AI will complement State Department’s diplomatic mission, Blinken says

The Secretary of State and other agency officials say the technology has massively improved efficiency and enabled more face-to-face diplomacy.
Secretary of State Antony Blinken speaks about artificial intelligence at the State Department in Washington, D.C., on June 28, 2024. (Photo by ROBERTO SCHMIDT/AFP via Getty Images)

With a dense artificial intelligence inventory and more use cases on the way, the State Department has embraced AI to a greater degree than many of its federal counterparts.

Secretary of State Antony Blinken is under no illusions that that embrace won’t cause concerns. Speaking Friday in Washington, D.C., before an auditorium full of State workers and hundreds on a livestream, Blinken addressed those concerns by posing an AI-related hypothetical.

“Are we going to be looking at this room in 10 or 15 years and seeing a physical manifestation of a chatbot and no one else? And the answer is, we’re not,” Blinken said. “And that’s because this technology is not a substitute for us. It’s a complement to our work. It’s an ability to make us more effective.”

Leveraging artificial intelligence for efficiency to create more time for face-to-face diplomacy was a common message throughout Friday’s State AI event, which featured Blinken in a discussion with Chief AI Officer Matthew Graviss and a panel talk with four agency officials. Blinken repeatedly stated his case that the technology is “not a threat” to State’s workforce, but rather a “critical” tool to “really free us up to focus on the value add that only we, only you, can bring to our work.”


“I know there’s a lot of anxiety whenever we’re integrating new technology into our work,” he said. But the “engagements” and “basic humanity” diplomats bring to the table “really can’t be replaced.”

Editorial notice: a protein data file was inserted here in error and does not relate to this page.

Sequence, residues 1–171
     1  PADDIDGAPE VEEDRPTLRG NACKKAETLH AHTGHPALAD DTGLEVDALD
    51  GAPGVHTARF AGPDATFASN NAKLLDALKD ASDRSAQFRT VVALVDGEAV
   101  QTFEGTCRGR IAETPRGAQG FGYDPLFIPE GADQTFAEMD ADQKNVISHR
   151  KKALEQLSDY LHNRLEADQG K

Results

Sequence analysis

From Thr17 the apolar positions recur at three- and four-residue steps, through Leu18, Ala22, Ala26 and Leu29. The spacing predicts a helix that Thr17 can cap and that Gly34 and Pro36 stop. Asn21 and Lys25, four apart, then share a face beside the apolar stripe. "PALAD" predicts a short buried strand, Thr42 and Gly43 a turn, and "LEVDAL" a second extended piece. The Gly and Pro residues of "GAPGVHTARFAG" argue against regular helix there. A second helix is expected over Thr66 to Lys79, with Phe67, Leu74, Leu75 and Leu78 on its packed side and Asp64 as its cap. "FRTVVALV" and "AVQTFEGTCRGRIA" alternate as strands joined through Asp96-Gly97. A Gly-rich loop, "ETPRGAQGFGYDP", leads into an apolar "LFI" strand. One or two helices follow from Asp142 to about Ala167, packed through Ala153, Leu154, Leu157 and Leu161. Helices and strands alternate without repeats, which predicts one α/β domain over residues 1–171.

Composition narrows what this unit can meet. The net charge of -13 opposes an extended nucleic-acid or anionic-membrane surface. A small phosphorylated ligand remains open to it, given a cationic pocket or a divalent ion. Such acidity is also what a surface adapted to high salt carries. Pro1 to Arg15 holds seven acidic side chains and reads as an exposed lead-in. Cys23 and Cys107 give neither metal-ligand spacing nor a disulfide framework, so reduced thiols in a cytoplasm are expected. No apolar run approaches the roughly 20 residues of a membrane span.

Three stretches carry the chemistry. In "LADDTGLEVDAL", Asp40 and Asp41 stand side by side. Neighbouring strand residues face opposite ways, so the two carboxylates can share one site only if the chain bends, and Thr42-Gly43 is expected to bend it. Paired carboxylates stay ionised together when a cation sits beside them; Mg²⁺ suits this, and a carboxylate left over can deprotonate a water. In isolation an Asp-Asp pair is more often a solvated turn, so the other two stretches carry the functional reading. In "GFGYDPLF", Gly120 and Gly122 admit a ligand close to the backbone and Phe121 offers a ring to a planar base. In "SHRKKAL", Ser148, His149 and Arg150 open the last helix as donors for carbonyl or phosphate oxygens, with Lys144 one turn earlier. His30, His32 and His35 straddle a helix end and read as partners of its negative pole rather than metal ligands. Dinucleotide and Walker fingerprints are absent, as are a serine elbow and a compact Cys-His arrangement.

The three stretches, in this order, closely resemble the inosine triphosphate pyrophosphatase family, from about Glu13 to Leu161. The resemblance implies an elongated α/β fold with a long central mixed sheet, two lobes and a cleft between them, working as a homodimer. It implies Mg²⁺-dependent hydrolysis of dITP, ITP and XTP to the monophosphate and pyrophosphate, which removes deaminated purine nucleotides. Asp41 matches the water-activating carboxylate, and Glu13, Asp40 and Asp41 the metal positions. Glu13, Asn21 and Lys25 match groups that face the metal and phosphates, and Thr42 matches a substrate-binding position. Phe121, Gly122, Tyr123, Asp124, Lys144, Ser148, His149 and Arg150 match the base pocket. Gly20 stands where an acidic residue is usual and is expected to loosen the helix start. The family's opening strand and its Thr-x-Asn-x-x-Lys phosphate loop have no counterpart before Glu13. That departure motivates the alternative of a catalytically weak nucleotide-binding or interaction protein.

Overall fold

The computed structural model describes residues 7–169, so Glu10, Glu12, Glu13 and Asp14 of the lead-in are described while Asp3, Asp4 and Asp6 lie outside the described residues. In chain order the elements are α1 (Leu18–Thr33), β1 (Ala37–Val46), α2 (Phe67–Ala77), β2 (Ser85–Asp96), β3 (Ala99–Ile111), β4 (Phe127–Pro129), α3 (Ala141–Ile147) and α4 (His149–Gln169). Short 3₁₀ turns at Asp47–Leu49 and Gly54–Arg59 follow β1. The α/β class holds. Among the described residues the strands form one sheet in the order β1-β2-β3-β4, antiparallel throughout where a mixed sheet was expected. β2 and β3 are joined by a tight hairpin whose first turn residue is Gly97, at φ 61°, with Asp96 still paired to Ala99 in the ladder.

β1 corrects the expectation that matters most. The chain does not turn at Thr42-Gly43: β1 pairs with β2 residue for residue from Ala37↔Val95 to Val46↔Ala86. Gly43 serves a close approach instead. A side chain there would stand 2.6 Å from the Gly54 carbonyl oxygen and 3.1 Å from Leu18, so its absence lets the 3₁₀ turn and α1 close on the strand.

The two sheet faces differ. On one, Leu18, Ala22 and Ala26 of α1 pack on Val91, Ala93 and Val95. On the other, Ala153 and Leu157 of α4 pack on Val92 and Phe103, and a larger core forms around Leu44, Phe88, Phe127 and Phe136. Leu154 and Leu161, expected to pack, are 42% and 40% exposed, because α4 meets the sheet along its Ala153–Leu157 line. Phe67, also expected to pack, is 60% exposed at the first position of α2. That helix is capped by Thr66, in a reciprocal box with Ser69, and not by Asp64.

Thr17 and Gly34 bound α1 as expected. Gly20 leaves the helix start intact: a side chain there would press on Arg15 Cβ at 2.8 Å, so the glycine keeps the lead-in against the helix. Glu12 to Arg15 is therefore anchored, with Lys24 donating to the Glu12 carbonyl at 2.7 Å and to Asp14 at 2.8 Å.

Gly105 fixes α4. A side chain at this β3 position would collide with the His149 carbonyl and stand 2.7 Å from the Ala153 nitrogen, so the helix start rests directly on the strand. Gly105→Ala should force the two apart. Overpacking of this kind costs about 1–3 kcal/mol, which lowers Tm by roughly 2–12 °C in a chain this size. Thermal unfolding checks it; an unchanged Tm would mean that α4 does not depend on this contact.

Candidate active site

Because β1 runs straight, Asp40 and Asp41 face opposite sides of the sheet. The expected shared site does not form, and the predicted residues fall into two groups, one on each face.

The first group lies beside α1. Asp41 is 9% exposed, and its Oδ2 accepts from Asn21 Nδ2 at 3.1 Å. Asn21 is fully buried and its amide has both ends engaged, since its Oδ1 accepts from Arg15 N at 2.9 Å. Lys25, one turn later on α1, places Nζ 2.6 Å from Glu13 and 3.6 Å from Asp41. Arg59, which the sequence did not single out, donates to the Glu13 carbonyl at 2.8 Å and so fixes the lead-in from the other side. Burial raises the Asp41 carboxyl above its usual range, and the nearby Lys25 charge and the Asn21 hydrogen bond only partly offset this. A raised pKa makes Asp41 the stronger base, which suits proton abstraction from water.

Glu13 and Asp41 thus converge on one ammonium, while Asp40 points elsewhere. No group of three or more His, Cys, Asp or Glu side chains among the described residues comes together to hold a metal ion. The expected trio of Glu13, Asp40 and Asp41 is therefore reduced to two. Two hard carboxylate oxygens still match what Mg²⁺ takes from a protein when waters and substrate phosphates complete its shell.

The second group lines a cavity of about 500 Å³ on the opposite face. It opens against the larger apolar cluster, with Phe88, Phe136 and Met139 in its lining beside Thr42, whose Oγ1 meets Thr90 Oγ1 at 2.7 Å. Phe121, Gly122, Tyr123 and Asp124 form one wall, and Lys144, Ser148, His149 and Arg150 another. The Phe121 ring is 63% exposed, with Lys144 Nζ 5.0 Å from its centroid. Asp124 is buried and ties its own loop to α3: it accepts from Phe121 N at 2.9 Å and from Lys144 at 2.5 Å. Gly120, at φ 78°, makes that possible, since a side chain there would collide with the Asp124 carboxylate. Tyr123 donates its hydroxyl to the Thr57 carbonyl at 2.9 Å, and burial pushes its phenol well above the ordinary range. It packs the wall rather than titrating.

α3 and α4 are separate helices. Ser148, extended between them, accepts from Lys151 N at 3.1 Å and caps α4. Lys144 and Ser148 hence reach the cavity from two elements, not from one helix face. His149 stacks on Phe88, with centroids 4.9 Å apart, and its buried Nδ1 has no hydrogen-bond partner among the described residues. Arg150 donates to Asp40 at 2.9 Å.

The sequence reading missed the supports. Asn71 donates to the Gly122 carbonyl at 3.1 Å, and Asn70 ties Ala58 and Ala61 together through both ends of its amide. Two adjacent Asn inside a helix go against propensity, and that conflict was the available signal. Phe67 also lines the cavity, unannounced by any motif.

With diplomatic posts in over 270 countries and myriad language needs that come with that, communication is of the utmost importance to State’s mission. Elizabeth Allen, under secretary for public diplomacy and public affairs, said AI is a game-changer in that respect. An AI media monitoring platform, for example, is projected to save 180,000 hours next year in State’s public diplomacy family alone, Allen said.

But there are human guardrails that must be in place, Allen added. She endorsed a 20-60-20 split when using an AI tool like ChatGPT: 20% on upfront work on “a really good prompt” from a human, the “middle 60% of a task” from ChatGPT, and then the last 20% for human reviews.

“We always have to be making sure that we have human checks, particularly when it comes to public communications,” Allen said.

U.S. Ambassador to India Eric Garcetti is similarly thankful for AI’s ability to improve State’s ability to communicate — especially given that he serves in a country where 90-some languages are spoken. The former Los Angeles mayor said the technology’s translation capabilities save “about 80-90% of the time of our” public diplomacy officers.